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Drill chuck removal

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Bob Lamb20/11/2011 11:48:18
121 forum posts
34 photos
I have a 0 - 13mm keyless drill chuck made by LFA from France.The chuck is in good condition but the No 2 morse taper is slightly scored and has a couple of small marks. I don't want to cause any damage to the tailstock taper but it would be nice to try and use it on the lathe. Two questions:
1.Is there a preferred method for "cleaning up" the taper in some way?
2.Would it be easier / safer to replace the taper into the back of the chuck? If that is the better option how do I remove the old taper from the back of the chuck? The taper is stamped on the end "LFA 2 - J6. Any suggestions would be appreciated.
John Hinkley20/11/2011 12:33:47
850 forum posts
286 photos
Sounds like a pretty standard chuck to arbor arrangement to me. Just use a pair of wedges betwen the back of the chuck and the shoulder on the arbor. I've just bought a pair of wedges from Arc Euro Trade. They work a treat. Mind you, if the chuck has been on the B6 taper for a while it might need a fair old bit of wellie (sorry to be technical) to get it moving. Perhaps a drop of penetrating oil overnight, if it's particularly stubborn.
Bob Lamb20/11/2011 13:21:02
121 forum posts
34 photos
John - thanks - I will see if I can get some wedges from Sandown. - Bob
Gordon W20/11/2011 13:51:13
2011 forum posts
I 'm not familiar with your chuck, but maybe if it.'s opened up you can knock the arbor out with a suitable drift. If the marking is not to bad maybe a fine file will remove it? Also can turn away the middle 1/3 of the morse taper if that would help, check fit after with marking blue.
Chris Trice20/11/2011 14:23:59
1362 forum posts
9 photos
Unless the scoring is particularly unsightly or covers a large surface area, I'd be inclined to clean off any high spots with a diamond hone or a diamond file. Dealing with local high spots this way is perfectly acceptable. If your tailstock socket is good, you'll know when you've arrived because it'll fit with a satisfyingly strong friction fit way better than what you probably currently have. At least this will save you trying to source what could be quite a scarce LFA to 2MT taper arbor. You have nothing to lose so worth trying before stumping up any cash.
Swarf, Mostly!20/11/2011 15:45:07
527 forum posts
47 photos
Hi there, Bob,
If you MUST remove the chuck from its arbor, I suggest that you first open the chuck jaws fully and look at the very back of the opening.
There used to be a fashion to drill and tap the end of the arbor and drill the back wall of the chuck to permit the fitting of a securing screw, say 4 BA. The hole in the back wall of the chuck was tapped with a larger thread to permit the use of a suitable screw to push the chuck off the J6 (or whatever) taper.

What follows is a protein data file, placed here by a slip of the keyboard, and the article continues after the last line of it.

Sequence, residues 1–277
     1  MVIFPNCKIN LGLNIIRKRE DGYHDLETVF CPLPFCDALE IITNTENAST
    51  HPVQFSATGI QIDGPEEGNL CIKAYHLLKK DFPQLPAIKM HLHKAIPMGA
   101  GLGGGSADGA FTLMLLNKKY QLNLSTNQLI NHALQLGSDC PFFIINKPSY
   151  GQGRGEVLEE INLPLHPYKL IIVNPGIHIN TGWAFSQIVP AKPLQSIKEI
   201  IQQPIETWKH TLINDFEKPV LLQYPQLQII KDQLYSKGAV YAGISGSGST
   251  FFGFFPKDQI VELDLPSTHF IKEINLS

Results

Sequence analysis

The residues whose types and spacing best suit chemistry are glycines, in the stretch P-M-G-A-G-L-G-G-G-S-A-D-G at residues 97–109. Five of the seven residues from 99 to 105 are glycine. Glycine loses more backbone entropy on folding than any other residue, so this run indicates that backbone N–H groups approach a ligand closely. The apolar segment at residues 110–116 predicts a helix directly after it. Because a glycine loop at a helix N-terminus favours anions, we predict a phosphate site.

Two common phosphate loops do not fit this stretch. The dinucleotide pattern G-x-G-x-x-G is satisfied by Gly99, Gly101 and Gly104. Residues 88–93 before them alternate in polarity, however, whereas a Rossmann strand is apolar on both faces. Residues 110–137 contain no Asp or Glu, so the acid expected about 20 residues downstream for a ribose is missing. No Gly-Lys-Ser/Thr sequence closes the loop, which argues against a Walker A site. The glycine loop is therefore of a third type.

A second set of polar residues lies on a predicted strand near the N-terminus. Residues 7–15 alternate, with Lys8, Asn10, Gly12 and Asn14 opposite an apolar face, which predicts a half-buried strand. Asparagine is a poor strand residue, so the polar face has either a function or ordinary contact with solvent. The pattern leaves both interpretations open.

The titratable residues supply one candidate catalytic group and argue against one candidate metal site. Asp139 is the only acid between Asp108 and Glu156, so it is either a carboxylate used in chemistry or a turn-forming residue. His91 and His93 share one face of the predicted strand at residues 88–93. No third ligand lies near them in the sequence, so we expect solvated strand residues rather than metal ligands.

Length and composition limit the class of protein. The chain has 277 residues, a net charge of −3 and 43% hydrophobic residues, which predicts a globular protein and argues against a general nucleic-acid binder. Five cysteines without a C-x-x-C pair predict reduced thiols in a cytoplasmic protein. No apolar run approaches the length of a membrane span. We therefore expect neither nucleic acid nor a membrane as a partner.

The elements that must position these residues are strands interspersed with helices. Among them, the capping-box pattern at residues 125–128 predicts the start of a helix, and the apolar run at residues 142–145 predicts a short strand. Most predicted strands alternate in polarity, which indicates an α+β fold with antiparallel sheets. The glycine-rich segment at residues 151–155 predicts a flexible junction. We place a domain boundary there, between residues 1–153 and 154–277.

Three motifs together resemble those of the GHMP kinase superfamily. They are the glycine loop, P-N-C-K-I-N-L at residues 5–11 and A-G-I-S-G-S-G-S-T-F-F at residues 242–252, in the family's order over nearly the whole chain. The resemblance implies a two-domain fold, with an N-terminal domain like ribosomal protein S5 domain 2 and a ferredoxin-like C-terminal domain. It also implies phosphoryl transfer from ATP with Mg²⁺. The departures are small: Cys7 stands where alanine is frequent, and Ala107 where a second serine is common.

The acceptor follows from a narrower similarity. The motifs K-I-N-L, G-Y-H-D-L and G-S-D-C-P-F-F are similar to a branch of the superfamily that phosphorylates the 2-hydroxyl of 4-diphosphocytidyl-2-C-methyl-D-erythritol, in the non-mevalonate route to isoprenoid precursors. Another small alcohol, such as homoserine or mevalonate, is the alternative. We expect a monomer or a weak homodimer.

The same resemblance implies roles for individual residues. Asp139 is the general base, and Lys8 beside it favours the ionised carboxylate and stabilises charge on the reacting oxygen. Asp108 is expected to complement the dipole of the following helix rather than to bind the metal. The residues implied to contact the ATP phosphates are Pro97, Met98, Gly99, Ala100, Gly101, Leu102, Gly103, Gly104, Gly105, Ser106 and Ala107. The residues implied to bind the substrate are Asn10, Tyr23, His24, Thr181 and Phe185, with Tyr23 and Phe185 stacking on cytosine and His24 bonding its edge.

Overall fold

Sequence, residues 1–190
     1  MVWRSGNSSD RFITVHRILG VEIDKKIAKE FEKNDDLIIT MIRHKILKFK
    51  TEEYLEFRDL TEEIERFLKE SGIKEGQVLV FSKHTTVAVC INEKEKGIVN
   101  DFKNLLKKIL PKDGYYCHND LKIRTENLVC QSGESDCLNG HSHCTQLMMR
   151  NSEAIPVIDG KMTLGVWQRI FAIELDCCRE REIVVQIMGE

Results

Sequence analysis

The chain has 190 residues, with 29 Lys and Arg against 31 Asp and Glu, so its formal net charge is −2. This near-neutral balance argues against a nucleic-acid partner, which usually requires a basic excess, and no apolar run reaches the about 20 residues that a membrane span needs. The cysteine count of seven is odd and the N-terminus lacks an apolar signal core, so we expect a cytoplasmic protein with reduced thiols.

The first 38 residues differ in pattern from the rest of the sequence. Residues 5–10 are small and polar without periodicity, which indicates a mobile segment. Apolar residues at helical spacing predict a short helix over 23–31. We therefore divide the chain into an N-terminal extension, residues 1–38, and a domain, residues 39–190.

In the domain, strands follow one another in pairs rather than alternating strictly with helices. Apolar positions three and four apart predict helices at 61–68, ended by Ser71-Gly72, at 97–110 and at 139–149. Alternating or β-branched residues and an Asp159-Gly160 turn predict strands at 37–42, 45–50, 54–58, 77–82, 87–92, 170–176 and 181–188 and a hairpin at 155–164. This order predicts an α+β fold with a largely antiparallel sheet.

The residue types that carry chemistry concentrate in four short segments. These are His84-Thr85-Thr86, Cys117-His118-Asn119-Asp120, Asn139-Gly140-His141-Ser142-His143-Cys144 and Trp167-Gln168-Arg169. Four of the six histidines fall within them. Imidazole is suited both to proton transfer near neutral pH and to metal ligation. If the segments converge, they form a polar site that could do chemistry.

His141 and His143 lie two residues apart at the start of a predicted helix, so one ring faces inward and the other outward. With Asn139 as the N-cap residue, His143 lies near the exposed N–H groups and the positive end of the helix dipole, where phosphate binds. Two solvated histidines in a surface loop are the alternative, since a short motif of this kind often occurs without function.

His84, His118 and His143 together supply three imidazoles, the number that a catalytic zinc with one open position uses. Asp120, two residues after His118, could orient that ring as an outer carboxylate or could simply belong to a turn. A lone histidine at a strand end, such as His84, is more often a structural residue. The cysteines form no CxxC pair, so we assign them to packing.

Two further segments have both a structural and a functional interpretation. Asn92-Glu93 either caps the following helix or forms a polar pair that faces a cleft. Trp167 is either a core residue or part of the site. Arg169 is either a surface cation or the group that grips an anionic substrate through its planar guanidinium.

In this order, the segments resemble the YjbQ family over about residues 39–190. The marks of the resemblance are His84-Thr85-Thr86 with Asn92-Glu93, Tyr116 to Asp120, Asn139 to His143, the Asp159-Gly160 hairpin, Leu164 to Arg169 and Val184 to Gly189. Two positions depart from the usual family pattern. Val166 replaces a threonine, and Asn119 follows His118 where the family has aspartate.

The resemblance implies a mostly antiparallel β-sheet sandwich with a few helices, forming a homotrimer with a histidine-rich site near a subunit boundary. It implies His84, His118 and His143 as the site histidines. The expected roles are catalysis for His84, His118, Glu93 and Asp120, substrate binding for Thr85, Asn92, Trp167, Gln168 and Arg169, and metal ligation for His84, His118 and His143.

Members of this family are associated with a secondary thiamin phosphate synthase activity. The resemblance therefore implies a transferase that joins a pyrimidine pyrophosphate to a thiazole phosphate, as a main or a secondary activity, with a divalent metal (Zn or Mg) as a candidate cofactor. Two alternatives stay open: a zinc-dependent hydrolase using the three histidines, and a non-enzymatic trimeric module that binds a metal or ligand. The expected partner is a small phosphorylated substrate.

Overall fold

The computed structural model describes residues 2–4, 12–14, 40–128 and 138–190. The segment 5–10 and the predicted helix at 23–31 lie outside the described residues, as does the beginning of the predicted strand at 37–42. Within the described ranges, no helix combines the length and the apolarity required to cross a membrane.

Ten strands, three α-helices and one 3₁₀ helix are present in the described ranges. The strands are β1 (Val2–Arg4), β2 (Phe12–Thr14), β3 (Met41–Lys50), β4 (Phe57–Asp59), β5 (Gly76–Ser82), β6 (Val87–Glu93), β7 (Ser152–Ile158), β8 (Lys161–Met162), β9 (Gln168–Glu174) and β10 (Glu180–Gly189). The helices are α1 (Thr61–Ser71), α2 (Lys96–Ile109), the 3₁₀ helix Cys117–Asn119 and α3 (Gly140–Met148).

I seem to remember that this scheme was recommended in one of the Duplex books; Jacobs chucks didn't come from the factory so fitted.
Should your chuck & arbor happen to have been modified this way you'll obviously need to remove the securing screw and the push screw might then avoid the need for the wedges. I guess you might still need the penetrating oil.
I hope this helps,
Best regards,
Swarf, mostly.
Terryd20/11/2011 16:07:23
1933 forum posts
179 photos
Hi all
I agree with most, Light scoring can easily be removesd from most arbors with a file or if hardened, a diamond slipstone or even emery. The resultant slight marking won't hurt.
By the way, most chucks can be released from their arbors by using a drift through the chuck itself from the jaws. There is often a drift hole in the back of the chuck for that purpose - I have done that with several chucks. If not, I have seen somewhere (it may even have been on the Jacobs site, that a suitable drift hole can be drilled through the rear of the chuck from the front, but not sure about that). Also the J6 number refers to the arbor to chuck taper, it is a Jacobs standard taper which is commonly used.
Just looked at Jacobs site here and they do suggest drilling as one means of removal.
Stub Mandrel20/11/2011 16:41:14
4307 forum posts
291 photos
1 articles
I once got caught out for ages by a screw inside a chuck. It had a LEFT HAND THREAD!
Versaboss20/11/2011 17:10:05
441 forum posts
56 photos

I should like to remind that it is a keyless chuck! These have - to the best of my knowledge - no axial hole for inserting a drift. I would say that drilling though the chuck would possibly destroy it. Usually the innards are hardened also.

Wedges are the way to go.

yes, I also wanted to say that J6 is a jacobs taper (not so common in Europe, though), but Terryd was faster!

Greetings, Hansrudolf

Bob Lamb20/11/2011 23:40:13
121 forum posts
34 photos
Thanks for all the replies - I took the easy way out (as suggested) and took off the high spots with a stone. It now seems to sit in the taper very snugly and a trial with a no 65 drill drilled in really easily with no wobble at all. However, even though it says it is a 0 - 13 mm chuck it wouldn't hold a 72 drill ! (never believe what it says on the label)!
I am really pleased with the result AND I won't lose the chuck key. Thank you to all who helped me.
Chris Trice21/11/2011 00:56:09
1362 forum posts
9 photos
Glad it worked. It usually does.
John Hinkley21/11/2011 19:25:43
850 forum posts
286 photos
Just had a quick look at the manufacturer's web site, (, refers to what I think is your chuck - a key-less auto-locking device. It bears a remarkable resemblance to one I bought for use in my lathe and mill, but mine was made in Asia. Elsewhere on the site it refers to a lefthand thread securing screw as Neil says above. So beware if you do try to remove it from the arbor.

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